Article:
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Fluctuating Macro Policies and the Fiscal Theory

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  • Troy Davig
  • Eric M. Leeper

Abstract

This paper estimates regime-switching rules for monetary policy and tax policy over the post-war period in the United States and imposes the estimated policy process on a calibrated dynamic stochastic general equilibrium model with nominal rigidities. Decision rules are locally unique and produce a stationary long-run rational expectations equilibrium in which (lump-sum) tax shocks always affect output and inflation. Tax non-neutralities in the model arise solely through the mechanism articulated by the fiscal theory of the price level. The paper quantifies that mechanism and finds it to be important in U.S. data, reconciling a popular class of monetary models with the evidence that tax shocks have substantial impacts. Because long-run policy behavior determines existence and uniqueness of equilibrium, in a regime-switching environment more accurate qualitative inferences can be gleaned from full-sample information than by conditioning on policy regime.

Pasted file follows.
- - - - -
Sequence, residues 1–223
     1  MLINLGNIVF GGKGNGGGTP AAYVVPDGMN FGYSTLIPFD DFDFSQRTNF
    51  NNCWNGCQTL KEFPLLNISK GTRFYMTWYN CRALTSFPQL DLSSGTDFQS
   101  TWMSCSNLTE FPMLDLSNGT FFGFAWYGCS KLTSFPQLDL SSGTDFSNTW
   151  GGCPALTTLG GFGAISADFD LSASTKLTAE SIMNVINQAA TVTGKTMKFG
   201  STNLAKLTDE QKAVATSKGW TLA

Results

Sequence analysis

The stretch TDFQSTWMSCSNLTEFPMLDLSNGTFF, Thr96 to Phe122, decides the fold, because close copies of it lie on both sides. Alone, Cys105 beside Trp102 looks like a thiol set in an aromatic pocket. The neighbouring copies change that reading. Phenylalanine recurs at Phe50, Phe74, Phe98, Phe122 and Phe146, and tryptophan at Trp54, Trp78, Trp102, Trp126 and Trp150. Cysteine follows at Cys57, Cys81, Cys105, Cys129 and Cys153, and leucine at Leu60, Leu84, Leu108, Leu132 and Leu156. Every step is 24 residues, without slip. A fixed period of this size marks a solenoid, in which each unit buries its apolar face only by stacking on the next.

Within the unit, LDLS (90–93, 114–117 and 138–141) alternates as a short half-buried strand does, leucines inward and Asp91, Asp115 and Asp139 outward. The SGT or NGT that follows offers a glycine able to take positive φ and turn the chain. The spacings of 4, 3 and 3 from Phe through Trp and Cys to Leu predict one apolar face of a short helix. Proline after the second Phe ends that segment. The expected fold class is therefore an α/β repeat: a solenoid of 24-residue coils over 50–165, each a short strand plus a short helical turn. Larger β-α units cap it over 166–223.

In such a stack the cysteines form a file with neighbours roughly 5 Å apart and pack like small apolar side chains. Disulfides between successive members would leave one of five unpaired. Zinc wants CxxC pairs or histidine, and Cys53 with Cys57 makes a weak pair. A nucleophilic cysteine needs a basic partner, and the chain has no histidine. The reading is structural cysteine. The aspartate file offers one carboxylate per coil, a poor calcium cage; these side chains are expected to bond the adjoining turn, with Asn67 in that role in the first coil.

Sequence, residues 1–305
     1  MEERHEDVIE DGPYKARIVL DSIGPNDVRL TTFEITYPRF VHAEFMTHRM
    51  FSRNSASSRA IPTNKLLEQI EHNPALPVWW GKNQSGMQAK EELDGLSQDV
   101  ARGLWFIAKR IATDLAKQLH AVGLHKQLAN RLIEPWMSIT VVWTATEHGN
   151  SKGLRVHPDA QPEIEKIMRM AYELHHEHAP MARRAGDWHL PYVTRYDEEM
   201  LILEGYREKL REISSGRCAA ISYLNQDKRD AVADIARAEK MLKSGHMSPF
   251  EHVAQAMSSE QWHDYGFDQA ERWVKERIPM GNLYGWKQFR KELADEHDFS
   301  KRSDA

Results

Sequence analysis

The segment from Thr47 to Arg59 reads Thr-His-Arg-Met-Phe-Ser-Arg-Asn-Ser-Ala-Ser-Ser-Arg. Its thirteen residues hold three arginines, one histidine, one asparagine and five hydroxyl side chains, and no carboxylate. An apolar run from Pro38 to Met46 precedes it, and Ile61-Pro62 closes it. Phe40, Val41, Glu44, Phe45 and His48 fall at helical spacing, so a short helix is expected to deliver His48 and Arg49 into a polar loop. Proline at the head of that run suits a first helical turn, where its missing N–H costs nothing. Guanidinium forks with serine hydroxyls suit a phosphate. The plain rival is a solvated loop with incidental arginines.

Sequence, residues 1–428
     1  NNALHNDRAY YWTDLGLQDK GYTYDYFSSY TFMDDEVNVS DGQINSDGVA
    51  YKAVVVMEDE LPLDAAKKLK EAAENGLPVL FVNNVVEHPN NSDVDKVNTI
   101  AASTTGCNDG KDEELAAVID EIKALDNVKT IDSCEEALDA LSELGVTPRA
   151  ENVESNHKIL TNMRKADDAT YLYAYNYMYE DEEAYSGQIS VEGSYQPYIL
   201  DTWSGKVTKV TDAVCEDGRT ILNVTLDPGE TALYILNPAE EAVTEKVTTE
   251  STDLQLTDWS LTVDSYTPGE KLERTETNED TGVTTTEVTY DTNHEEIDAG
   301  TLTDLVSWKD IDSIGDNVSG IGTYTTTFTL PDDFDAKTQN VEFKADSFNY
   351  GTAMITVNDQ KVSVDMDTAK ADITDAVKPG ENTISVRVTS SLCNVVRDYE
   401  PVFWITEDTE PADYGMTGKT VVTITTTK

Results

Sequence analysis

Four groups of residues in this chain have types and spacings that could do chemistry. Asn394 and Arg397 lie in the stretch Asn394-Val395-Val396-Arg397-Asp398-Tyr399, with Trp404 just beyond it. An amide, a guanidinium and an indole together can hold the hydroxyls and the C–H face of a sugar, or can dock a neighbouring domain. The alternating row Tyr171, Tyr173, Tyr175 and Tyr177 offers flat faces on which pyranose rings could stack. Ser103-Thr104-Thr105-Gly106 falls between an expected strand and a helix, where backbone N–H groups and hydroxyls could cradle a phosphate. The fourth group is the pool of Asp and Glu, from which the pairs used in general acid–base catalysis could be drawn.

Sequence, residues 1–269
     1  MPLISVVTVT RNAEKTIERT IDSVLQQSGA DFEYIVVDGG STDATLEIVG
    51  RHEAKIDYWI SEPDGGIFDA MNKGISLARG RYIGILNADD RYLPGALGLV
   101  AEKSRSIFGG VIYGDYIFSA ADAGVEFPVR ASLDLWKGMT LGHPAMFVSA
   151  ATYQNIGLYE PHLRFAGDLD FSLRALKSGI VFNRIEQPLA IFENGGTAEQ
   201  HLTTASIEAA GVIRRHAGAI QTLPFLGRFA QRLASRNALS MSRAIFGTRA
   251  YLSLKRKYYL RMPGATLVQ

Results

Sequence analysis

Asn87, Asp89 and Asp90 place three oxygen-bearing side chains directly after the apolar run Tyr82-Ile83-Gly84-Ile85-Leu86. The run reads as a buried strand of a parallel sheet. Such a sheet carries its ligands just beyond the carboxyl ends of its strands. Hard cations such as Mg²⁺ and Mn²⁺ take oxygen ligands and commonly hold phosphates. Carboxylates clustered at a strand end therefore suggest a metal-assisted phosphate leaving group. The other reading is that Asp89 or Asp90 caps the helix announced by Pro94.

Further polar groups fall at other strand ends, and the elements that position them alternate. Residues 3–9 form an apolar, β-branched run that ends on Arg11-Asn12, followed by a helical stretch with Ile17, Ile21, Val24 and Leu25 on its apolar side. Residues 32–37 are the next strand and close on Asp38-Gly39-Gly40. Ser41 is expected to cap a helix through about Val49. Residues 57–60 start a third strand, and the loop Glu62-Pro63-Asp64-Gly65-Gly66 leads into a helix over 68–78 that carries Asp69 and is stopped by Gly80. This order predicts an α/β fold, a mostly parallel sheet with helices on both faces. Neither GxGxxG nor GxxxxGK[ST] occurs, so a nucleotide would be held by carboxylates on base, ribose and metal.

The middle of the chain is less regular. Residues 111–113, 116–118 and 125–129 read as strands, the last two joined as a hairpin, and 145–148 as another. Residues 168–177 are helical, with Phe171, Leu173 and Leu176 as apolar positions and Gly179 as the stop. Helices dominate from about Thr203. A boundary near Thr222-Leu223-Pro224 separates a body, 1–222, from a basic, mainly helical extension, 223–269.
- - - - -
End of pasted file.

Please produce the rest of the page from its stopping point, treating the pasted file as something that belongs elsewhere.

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Bibliographic Info

Paper provided by National Bureau of Economic Research, Inc in its series NBER Working Papers with number 11212.

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Date of creation: Mar 2005
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Publication status: published as Fluctuating Macro Policies and the Fiscal Theory , Troy Davig, Eric M. Leeper. in NBER Macroeconomics Annual 2006, Volume 21 , Acemoglu, Rogoff, and Woodford. 2007
Handle: RePEc:nbr:nberwo:11212

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  1. Farmer, Roger E A & Waggoner, Daniel F & Zha, Tao, 2006. "Indeterminacy in a Forward Looking Regime Switching Model," CEPR Discussion Papers 5919, C.E.P.R. Discussion Papers.
  2. Michael Woodford, 1995. "Price Level Determinacy Without Control of a Monetary Aggregate," NBER Working Papers 5204, National Bureau of Economic Research, Inc.
  3. Christopher A. Sims & Tao Zha, 2005. "Were There Regime Switches in U.S. Monetary Policy?," Working Papers 92, Princeton University, Department of Economics, Center for Economic Policy Studies..
  4. Sims, Christopher A, 1994. "A Simple Model for Study of the Determination of the Price Level and the Interaction of Monetary and Fiscal Policy," Economic Theory, Springer, vol. 4(3), pages 381-99.
  5. Christopher A. Sims, 1992. "Interpreting the Macroeconomic Time Series Facts: The Effects of Monetary Policy," Cowles Foundation Discussion Papers 1011, Cowles Foundation for Research in Economics, Yale University.
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